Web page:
What in the World? Dealing with Gastrointestinal Obstructions in Pets
Picture this. You’ve just arrived home, but before you can even put your bags down and kick off your shoes, you notice something isn’t right. Your pet’s face shows an indescribable expression (worry, paired with shame, guilt, or pain?) and then you see it…The pile on the floor resembles new cross-trainers, but the tattered, drastically shortened shoe lace nearby takes the situation from exasperating to potentially life-threatening.
Never fun, and often dangerous, gastrointestinal obstructions in pets happen when objects are consumed that cannot be properly digested. However, you can protect your pet (and avoid a pet emergency) with these tips from The Pet Experts at Wheaton Animal Hospital.
Hard to Believe
Rawhides and bones can lead to gastrointestinal obstructions in pets, but so can items you would never expect your pet to consume. Items like clothing, children’s toys, towels, stuffed animals, balls, ribbons, string, hair ties, and even sticks and rocks round out the list.
We don’t know why some animals do this, but gastrointestinal obstructions in pets can result from boredom, anxiety, or simple curiosity. If you repeatedly watch your pet attempting to eat strange items, we encourage you to call us, as this may indicate an underlying illness.
Symptoms of Gastrointestinal Obstructions in Pets
If you observe your pet eating something strange, please do not delay in seeking care. If you catch this early, vomiting may be induced, potentially saving your pet from a more serious condition.
Objects that cannot be digested get lodged in the esophagus, stomach, or intestines, preventing food from moving through the GI tract. Gastrointestinal obstructions in pets are characterized by:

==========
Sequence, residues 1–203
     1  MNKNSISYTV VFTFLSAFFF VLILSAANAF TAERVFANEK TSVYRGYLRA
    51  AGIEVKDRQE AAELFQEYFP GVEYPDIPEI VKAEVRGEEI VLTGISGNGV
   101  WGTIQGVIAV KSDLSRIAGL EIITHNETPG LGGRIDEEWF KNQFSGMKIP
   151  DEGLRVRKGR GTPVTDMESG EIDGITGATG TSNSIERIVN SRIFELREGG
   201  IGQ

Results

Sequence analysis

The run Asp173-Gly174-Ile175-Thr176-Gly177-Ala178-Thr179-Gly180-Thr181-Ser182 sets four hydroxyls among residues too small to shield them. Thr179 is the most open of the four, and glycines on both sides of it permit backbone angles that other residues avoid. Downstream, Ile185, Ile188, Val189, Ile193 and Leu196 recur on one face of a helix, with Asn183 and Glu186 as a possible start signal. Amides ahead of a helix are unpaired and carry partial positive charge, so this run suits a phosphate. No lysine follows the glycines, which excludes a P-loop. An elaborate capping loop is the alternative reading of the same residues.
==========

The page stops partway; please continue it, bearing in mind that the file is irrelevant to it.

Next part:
- Ineffective or painful defecation
- Dark or tarry stool
- Biting at abdominal area
Diagnosis and Treatment
Diagnosing gastrointestinal obstructions in pets is made easier with digital x-rays or ultrasound. Depending on what your pet consumed, we may proceed with medication, monitoring, endoscopy, or surgery.
No Doubt About It
It’s obvious that a gastrointestinal obstruction in a pet is just about as perilous as it would be for us, leading pet owners to strive toward excellent pet-proofing at home. Just as you would store chemicals to prevent a pet poisoning, the pet experts recommend keeping tempting objects off the floor and behind closed doors, if possible. It’s also important to provide safe toys (ones that aren’t too small for your pet and made of durable materials) and store when not in use.
If you need more information on gastrointestinal obstructions in pets, or have any questions, please call The Pet Experts at Wheaton Animal Hospital. We are here for you!